Day of Pentecost
Rev. Dr. D. K. Schroeder
Genesis 11:1-9 Sermon
May 15, 2016
Click here for service internet broadcast/podcast.
Hymns (from The Lutheran Hymnal):
227 "Come Holy Ghost In Love"
226 "Come, Oh Come, Thou Quickening Spirit"
236 "Creator Spirit By Whose Aid"
234 "Holy Ghost, With Light Divine"
USING THE GIFT OF LANGUAGE
TEXT (vs. 5-9a): “But the LORD came down to see the city and the tower that the men were building. The LORD said, ‘If as one people speaking the same language they have begun to do this, then nothing they plan to do will be impossible for them. Come, let us go down and confuse their language so they will not understand each other.’ So the LORD scattered them from there over all the earth, and they stopped building the city. That is why it was called Babel— because there the LORD confused the language of the whole world.”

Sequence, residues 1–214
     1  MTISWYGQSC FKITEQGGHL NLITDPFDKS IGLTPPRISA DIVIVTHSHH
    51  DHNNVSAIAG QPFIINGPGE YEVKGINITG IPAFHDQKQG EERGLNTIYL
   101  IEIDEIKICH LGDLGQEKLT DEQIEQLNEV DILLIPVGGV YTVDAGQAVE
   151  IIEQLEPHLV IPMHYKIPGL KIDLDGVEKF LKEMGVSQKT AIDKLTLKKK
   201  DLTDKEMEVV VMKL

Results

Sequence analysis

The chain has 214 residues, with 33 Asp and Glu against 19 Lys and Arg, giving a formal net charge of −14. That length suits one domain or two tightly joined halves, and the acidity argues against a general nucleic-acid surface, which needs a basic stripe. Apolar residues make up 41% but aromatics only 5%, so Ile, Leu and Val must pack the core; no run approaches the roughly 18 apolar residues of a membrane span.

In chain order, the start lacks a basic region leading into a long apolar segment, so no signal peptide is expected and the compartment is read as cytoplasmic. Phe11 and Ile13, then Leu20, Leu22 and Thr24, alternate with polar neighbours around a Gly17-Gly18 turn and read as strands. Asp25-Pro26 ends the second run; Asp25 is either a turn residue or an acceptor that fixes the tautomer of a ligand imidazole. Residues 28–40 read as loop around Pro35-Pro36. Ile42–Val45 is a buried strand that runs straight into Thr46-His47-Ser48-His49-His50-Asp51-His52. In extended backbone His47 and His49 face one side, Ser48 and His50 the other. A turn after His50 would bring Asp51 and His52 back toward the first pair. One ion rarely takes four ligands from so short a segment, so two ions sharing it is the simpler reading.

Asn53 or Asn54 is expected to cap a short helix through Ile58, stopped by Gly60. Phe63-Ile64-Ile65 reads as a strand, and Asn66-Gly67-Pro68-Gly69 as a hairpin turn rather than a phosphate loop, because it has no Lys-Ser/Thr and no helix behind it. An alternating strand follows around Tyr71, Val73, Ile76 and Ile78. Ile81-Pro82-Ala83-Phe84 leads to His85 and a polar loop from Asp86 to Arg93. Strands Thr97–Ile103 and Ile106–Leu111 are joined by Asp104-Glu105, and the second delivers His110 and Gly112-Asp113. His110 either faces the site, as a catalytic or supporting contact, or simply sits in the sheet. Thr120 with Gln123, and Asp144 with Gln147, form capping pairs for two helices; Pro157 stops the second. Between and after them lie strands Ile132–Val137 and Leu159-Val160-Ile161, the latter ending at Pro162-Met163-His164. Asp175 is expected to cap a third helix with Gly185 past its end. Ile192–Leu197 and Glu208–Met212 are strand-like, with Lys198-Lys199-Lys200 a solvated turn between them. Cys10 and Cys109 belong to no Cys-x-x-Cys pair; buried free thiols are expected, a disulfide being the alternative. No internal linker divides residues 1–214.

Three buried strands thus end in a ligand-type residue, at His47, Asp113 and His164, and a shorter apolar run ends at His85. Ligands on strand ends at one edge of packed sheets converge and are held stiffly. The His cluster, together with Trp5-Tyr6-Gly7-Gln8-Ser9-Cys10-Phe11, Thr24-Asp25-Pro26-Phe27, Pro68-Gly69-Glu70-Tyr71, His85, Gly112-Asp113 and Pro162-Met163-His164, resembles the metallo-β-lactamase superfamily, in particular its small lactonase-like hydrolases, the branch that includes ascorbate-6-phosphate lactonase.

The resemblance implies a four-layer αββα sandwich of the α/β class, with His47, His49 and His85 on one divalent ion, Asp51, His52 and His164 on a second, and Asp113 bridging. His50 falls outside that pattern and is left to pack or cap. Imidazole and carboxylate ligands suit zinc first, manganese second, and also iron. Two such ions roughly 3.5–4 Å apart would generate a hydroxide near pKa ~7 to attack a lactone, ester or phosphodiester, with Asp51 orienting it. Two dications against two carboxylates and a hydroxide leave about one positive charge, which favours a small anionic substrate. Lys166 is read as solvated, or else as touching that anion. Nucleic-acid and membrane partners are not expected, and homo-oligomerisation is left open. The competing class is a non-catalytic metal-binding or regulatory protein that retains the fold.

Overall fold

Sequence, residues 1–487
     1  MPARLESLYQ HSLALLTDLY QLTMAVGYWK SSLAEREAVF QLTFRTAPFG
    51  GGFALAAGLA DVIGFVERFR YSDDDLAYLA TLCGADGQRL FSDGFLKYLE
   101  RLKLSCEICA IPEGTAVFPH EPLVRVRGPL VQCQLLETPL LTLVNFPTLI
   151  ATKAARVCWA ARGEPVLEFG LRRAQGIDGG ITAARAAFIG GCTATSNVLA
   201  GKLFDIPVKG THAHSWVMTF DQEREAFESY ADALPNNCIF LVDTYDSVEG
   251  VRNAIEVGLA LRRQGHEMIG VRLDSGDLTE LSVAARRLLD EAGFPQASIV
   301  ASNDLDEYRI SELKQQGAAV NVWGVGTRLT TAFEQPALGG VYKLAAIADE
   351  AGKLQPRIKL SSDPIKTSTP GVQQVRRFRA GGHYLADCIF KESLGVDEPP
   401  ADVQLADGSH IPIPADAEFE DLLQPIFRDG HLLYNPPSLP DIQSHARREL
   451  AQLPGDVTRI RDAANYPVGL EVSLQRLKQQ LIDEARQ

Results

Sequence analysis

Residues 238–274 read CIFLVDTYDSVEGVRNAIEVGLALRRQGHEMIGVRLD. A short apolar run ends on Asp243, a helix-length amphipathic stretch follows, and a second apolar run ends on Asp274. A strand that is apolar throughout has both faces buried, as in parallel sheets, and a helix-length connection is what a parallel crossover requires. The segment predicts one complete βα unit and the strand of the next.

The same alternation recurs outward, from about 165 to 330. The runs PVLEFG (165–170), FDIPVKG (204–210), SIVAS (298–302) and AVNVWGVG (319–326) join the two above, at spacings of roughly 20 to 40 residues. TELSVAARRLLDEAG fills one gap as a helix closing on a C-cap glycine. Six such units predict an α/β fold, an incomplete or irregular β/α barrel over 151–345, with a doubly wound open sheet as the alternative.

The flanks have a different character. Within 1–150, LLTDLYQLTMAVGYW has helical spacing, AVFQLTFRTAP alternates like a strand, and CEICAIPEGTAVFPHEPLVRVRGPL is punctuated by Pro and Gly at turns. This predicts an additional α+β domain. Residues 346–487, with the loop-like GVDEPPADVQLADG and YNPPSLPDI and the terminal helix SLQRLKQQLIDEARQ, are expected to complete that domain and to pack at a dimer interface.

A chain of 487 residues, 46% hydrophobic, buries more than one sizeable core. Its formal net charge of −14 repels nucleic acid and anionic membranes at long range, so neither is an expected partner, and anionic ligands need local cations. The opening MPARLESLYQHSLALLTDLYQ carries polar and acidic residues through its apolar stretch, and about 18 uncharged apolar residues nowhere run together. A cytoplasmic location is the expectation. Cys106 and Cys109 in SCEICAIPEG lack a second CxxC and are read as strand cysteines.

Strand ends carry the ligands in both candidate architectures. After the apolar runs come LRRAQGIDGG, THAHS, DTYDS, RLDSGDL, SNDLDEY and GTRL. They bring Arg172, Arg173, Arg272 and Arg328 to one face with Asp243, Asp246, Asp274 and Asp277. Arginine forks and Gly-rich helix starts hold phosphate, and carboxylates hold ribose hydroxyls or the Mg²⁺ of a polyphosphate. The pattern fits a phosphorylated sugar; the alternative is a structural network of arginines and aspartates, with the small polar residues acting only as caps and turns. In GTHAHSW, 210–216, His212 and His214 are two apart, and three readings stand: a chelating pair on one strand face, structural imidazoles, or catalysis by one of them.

This morning, I have decided to share one or perhaps some of my pet peeves with you. In doing so, I’m not singling out anybody in particular, so if you’re guilty of any of these things, please don’t take offense. There are certain words and phrases that, when used incorrectly, are like someone grating their fingernails across a chalkboard to me. It really sets me on edge.
First of all, I’m not talking about colloquialisms or the mannerisms of informal speech. Things like “Taint funny McGee,” or “fixin’ to do something,” or other common slang doesn’t affect me too much.
What I’m talking about are instances where educated people and those who should know better use words they either don’t know or assume the meaning of, or they use them in the wrong way. Of course, I’m going to give you some examples.
Say for instance you are at a gathering, and someone comes up to you who is in need of a ride home. They’ll come up and ask you, “Will you bring me home?” Ack! No, I won’t BRING you home, but I’ll TAKE you home. If I were to bring you home, that would mean you wanted to come to my home, and not yours. I won’t BRING you to my home, but I’ll TAKE you to yours.